UK Heatwave: How hot does it have to be for schools to close? Temperature limit for schools as UK heats up this summer

ANOTHER summer heatwave has arrived in the UK as schools across the country count down the days until the summer holidays.

By Charlotte Hawes
Friday, 15th July 2022, 9:59 am

The Met Office has now extended its Amber Extreme heat warning as temperatures are set to soar later this week and early next week in the UK.

The Met Office said: ‘The Amber warning, which has been issued for Sunday (July 17) and Monday (July 18), highlights likely adverse health effects for the public, not just limited to those most vulnerable to extreme heat.

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Met Office extends its 'danger to life' Amber Extreme heat warning as temperatur...
The Met Office has extended its Amber Extreme heat warning in the UK - but can schools close if it is too hot?

‘Temperatures could be in excess of 35C in the southeast, and more widely around 32C within the warning area.

‘These high temperatures could extend further into next week and an extension of the warning will be considered in the coming days.’

With temperatures continuing to rise, many have been questioning how hot it needs to be before children can get the day off of school.

But how hot does it have to be in order for schools to close?

Here’s everything you need to know:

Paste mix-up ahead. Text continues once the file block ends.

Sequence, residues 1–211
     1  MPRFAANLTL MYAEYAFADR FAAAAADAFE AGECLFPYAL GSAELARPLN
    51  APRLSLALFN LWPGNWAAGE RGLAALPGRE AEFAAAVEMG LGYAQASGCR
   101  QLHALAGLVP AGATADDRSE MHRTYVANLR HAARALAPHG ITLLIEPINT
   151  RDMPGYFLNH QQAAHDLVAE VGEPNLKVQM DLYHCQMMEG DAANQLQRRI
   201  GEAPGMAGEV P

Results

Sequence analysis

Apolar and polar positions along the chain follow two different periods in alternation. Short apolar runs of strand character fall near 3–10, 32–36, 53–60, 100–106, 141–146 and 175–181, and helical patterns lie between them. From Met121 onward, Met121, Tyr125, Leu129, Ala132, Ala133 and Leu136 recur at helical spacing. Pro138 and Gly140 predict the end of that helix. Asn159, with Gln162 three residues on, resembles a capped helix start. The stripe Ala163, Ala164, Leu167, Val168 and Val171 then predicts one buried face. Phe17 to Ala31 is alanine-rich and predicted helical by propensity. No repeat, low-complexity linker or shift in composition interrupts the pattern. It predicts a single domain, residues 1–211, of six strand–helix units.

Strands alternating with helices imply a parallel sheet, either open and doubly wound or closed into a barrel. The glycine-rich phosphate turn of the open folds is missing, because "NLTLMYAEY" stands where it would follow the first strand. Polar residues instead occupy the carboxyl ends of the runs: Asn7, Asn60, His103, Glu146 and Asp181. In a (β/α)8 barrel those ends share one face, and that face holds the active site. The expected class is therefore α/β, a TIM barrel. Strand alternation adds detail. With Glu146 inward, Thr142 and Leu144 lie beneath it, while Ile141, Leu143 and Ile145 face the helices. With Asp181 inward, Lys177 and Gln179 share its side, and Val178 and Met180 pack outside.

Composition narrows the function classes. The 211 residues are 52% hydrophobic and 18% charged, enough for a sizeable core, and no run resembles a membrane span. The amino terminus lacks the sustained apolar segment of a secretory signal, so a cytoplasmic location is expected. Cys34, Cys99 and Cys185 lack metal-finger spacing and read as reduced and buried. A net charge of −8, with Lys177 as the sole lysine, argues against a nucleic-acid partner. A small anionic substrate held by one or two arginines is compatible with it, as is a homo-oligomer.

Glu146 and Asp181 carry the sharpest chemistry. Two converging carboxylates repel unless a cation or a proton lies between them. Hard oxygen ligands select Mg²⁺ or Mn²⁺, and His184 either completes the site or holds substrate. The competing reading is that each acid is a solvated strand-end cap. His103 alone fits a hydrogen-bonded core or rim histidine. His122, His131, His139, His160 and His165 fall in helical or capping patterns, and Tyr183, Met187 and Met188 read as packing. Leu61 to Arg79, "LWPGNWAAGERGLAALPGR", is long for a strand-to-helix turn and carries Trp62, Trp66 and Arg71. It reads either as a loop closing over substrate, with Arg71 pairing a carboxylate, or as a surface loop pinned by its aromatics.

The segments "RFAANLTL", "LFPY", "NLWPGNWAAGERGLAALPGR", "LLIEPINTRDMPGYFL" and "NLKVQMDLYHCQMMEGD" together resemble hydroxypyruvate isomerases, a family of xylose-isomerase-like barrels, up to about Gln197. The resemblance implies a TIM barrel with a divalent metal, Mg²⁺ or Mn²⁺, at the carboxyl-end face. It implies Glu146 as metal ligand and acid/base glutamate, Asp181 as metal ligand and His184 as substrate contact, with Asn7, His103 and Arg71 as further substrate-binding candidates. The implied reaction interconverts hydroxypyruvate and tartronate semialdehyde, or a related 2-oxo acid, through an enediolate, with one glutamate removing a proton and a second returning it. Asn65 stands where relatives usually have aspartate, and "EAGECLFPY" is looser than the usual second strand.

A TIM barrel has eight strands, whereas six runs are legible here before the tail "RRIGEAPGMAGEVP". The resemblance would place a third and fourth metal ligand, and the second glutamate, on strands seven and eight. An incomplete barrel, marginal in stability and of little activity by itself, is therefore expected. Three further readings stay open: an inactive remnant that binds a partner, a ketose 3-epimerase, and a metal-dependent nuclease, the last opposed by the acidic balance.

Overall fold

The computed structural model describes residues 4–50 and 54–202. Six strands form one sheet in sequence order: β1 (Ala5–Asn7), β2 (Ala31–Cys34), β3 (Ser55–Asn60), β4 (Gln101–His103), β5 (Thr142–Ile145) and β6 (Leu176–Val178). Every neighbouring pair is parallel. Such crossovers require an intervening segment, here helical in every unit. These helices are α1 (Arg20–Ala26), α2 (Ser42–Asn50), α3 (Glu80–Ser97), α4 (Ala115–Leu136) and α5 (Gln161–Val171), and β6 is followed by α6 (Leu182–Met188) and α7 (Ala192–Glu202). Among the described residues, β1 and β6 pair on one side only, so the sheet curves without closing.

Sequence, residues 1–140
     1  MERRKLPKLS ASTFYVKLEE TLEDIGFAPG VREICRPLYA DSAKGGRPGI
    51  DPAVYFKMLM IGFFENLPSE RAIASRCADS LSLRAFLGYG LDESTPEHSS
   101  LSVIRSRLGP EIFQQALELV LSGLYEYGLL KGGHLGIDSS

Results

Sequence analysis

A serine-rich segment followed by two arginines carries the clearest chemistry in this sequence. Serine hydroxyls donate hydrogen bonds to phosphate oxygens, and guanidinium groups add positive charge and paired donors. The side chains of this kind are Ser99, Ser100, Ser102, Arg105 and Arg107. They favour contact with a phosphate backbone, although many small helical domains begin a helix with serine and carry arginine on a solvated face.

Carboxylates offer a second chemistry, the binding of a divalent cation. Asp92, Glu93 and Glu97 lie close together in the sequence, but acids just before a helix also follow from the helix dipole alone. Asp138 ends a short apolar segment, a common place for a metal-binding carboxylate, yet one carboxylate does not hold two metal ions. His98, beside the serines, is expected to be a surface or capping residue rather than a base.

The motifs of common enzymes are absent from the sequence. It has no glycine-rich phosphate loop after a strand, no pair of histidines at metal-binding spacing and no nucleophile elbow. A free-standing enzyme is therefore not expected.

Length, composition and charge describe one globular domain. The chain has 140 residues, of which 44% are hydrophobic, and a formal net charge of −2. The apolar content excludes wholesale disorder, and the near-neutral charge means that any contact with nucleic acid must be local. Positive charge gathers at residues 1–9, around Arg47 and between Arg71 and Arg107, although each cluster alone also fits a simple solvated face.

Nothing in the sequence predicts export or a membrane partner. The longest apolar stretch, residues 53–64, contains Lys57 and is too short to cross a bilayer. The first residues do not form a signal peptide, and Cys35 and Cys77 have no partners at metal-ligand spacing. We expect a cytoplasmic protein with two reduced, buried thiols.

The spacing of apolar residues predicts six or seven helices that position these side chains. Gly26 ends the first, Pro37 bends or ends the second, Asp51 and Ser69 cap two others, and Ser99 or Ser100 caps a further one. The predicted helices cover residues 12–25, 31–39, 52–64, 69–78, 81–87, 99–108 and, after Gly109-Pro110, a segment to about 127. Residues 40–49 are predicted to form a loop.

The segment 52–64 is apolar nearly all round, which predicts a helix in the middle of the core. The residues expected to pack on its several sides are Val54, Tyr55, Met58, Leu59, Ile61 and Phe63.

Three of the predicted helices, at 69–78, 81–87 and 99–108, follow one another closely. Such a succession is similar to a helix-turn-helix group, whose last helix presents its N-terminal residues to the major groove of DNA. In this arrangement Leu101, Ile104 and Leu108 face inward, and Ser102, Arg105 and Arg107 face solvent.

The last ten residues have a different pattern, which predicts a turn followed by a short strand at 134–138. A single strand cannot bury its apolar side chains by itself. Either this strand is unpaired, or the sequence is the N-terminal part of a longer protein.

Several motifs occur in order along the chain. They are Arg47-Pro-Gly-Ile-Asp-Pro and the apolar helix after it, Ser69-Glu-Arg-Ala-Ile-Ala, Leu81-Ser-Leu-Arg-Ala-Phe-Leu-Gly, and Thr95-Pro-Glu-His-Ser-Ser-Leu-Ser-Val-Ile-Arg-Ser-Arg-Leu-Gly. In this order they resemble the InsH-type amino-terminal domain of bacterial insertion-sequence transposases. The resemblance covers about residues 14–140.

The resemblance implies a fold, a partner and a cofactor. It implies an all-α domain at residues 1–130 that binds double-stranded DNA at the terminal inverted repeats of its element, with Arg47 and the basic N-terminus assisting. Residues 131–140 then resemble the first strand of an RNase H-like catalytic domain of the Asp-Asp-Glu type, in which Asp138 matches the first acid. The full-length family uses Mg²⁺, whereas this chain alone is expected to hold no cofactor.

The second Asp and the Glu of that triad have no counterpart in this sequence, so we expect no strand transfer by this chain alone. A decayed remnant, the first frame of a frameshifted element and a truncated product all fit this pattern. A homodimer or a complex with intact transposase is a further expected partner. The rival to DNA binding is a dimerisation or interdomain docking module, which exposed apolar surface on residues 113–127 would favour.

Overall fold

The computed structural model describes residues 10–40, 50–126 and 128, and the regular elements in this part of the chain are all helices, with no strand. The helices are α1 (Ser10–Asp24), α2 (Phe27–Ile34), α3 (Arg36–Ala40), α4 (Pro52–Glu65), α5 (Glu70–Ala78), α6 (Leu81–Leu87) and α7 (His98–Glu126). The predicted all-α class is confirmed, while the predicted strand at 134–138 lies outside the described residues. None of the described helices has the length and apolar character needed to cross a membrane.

How hot does it need to be to cancel school in the UK?

Schools across the UK follow the same protocol as workplaces when it comes to extreme weather conditions, which means there is a minimum temperature but no maximum temperature to warrant closure.

The Health and Safety Executive says: ‘During working hours, the temperature in all workplaces inside buildings shall be reasonable.’

This means that schools and employers have to provide ‘clean, fresh air’ — as well as keep temperatures at a comfortable level.

Measures can be taken, such as opening windows or doors, but hot temperatures do not necessarily mean a day off.

Some schools could introduce relaxations of uniform like removing blazers or ties to help battle the hot weather, but this will be up to the school and the rules will vary.

The National Union of Teachers have stated that special measures should be put in place to reduce temperatures in classrooms as soon as staff complain about feeling uncomfortable.

A report said: ‘If in doubt, 26C should be used as the trigger for these measures.

‘Other steps may also need to be considered such as closing classrooms which are unacceptably hot and teaching classes elsewhere, or even sending pupils home, provided reasonable notice has been given to parents.’

What happens if my child gets sent home due to the weather?

Parents in employment do not have a statutory right to be paid if they need to have an emergency day off with their children.

Some companies may choose to offer paid time off as a staff perk.

However, if schools are forced to close, parents are usually entitled to unpaid time off to look after the children.

How to stay cool during a heatwave

There are a number of ways to help you stay cool during a heatwave, including:

-Drinking plenty of water in order to stay hydrated

-Staying inside during the hottest hours of the day. This is usually between 11am and 4pm.

-Avoid exercising during the hottest parts of the day

-Close curtains on rooms that face the sun to keep indoor spaces cooler and remember it may be cooler outdoors than indoors

-If going outdoors, use cool spaces considerately

-Walk in the shade, apply sunscreen regularly and wear a wide-brimmed hat.